Preventing Childhood Drownings at Lakes and Pools

Every year children drown while swimming or playing near water. But there’s a lot we can do to prevent this tragedy.

From splashing in a wading pool to diving off a dock, water play is one of summer’s greatest activities. But when it comes to children, water can also spell tragedy. Which is why you must never, ever leave your children unattended by water, even if it’s just a small wading pool. In addition to parental supervision, former Marine Safety Officer, Angus Armstrong, recommends that “if you have your child around the dock of a cottage, or playing around where boats are, or anywhere near water, have them wear a PFD (Personal Flotation Device). The younger you start them with this, the more they’ll accept it. So start them right off when they’re toddlers and keep going at least until they can swim very well.”

Search and Rescue Training Coordinator, Linda Hillard agrees that life jackets and PFD’s are vital, but not just for children, for parents too, especially when in boats or near swift-moving water. “Life jackets are definitely something that need to be worn anytime near the water and not just for children but parents too”, explains Hillard. “Parents need to set an example and they need to wear a life jacket. Don’t just make the children do it. Show them why.”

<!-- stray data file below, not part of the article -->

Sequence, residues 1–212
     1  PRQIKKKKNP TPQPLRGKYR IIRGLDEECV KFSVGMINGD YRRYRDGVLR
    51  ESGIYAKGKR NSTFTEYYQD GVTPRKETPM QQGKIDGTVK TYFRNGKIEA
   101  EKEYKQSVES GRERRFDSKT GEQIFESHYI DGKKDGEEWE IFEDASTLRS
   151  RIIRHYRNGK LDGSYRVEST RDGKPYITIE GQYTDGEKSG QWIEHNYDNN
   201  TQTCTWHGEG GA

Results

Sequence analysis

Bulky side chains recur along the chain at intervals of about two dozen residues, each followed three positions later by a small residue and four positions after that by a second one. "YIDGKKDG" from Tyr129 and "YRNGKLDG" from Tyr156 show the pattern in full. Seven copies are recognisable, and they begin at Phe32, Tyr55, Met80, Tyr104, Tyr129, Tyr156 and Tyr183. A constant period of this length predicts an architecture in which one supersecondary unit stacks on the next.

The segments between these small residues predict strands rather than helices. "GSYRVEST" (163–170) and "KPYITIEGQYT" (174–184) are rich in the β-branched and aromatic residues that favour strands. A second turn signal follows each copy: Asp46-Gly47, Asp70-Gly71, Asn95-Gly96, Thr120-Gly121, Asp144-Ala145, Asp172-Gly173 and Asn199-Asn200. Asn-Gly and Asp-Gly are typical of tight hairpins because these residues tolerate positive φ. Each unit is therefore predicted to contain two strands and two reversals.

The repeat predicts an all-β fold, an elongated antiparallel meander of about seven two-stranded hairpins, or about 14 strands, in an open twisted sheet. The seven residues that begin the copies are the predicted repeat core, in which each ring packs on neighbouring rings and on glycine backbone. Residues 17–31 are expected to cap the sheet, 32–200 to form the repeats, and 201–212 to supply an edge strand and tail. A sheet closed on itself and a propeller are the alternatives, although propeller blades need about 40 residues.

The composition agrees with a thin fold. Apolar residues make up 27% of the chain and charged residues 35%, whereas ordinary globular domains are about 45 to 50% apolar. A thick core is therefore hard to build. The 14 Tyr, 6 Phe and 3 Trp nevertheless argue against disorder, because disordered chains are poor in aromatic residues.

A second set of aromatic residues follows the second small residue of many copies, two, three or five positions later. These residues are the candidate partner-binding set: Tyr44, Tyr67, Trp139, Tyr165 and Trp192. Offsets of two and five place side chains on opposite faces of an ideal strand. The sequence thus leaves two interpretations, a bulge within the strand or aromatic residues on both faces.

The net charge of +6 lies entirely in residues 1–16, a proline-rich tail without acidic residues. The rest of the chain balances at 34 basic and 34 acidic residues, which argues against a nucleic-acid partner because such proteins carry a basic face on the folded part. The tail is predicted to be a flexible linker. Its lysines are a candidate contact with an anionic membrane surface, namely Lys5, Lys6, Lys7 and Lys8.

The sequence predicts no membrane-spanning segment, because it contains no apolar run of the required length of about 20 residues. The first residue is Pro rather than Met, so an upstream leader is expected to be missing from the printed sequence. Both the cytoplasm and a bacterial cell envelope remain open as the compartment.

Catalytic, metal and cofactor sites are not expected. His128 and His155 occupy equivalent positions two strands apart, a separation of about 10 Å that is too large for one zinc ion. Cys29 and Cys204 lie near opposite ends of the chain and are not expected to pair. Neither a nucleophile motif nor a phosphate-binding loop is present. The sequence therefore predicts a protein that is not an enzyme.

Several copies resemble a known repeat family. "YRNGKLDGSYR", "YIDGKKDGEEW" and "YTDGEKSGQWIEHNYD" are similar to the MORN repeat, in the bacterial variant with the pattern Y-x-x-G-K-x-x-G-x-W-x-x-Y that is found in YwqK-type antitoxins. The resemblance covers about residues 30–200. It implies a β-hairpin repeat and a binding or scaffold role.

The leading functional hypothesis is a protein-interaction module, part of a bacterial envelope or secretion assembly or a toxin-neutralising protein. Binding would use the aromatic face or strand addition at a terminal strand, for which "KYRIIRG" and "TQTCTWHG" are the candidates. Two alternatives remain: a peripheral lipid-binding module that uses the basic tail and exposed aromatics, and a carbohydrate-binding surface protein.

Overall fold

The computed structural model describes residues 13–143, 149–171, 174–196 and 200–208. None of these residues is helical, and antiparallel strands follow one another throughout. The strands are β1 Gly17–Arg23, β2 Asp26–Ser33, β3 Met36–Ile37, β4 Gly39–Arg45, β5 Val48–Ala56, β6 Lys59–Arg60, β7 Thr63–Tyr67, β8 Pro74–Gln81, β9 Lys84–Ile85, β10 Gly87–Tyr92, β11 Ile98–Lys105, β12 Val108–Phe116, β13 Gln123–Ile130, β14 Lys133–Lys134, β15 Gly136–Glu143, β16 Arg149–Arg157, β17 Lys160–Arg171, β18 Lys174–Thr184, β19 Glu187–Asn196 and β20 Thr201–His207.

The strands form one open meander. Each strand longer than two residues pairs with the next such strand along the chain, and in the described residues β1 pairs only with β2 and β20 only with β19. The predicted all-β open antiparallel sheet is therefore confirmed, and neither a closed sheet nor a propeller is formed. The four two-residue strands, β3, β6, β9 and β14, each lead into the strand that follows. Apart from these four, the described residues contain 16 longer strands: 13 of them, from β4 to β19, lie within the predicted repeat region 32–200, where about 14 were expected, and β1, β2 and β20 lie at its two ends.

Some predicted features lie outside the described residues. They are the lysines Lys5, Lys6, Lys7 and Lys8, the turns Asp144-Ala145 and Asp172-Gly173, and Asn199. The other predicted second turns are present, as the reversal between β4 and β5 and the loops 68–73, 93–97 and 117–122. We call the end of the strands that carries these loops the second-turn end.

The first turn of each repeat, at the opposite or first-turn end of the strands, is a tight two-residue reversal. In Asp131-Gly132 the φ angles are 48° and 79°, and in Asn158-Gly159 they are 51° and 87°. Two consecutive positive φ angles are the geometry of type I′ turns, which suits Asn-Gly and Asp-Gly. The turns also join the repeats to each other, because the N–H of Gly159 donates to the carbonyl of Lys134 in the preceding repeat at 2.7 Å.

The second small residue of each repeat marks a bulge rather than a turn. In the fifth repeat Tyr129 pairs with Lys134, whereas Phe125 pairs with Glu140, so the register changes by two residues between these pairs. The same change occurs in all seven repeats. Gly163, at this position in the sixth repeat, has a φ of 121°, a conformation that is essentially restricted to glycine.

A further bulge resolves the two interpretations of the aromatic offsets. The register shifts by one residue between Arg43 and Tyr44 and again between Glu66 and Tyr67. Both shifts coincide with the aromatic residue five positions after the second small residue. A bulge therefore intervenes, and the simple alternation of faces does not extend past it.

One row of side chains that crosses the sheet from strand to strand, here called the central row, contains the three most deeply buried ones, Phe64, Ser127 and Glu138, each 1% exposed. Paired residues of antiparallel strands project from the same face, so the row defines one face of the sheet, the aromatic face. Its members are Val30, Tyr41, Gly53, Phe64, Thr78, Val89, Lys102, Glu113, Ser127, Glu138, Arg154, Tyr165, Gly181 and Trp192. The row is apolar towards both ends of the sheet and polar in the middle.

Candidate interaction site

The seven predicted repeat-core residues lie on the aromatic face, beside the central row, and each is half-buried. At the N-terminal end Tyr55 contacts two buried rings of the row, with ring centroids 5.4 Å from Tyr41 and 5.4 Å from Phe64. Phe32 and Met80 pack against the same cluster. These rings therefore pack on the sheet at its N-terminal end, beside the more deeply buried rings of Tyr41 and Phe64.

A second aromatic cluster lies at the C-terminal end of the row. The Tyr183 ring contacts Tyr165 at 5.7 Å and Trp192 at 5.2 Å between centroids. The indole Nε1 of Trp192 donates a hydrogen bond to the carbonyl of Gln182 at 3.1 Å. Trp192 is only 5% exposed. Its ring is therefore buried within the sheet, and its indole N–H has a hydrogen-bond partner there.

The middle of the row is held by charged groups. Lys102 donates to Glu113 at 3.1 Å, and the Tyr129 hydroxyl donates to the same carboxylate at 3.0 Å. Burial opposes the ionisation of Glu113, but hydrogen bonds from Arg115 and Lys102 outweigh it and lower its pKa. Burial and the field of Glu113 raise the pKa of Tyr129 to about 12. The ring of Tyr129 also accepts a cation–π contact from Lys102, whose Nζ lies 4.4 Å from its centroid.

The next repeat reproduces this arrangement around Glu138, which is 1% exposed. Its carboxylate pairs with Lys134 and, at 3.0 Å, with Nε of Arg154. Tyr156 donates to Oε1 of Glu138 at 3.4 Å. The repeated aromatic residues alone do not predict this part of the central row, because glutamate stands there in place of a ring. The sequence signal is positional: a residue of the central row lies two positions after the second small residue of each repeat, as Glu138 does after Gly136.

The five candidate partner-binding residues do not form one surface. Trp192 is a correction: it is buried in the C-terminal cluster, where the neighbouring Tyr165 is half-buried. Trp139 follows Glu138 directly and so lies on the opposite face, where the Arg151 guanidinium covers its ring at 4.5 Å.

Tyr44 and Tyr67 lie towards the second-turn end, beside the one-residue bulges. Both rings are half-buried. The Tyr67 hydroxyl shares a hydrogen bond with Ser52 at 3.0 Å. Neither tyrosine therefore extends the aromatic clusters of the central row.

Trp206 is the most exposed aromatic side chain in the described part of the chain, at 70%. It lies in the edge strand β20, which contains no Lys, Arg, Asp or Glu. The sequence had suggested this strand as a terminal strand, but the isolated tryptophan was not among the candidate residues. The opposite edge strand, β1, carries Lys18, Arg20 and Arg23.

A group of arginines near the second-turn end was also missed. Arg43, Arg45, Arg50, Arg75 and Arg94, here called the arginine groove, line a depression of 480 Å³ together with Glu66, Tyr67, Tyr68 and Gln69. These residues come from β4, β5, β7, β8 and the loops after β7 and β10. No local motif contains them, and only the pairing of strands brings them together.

Water safety experts agree that getting children in swimming lessons early is also important when it comes to water safety. But even with fairly accomplished swimmers, parents shouldn’t be lulled into a false sense of security. As Hillard says, “there is no such thing as safe water. I don’t look at even a calm day in a shallow lake as safe. There are always drop-offs and it’s very easy to slip, get into an undertow, and lose your balance. There are lots of rocks, logs and debris poking out from under the water that can be extremely hazardous.”

Finally, Armstrong says you should “always assume if someone’s missing around a pool or lake, that they’re in the water. A lot of parents panic and start searching their house when they realize that their child is missing. Instead they should rush right out and first check the pool.”

If you find a child drowned, immediately begin CPR because even a child who has been submerged for many minutes has a chance of full recovery, especially in cooler water.


Adapted from The Parent Report Radio Show. Any advice or information contained herein should never be a substitute for professional and/or medical advice, diagnosis and treatment. For more information please review Terms of Service.

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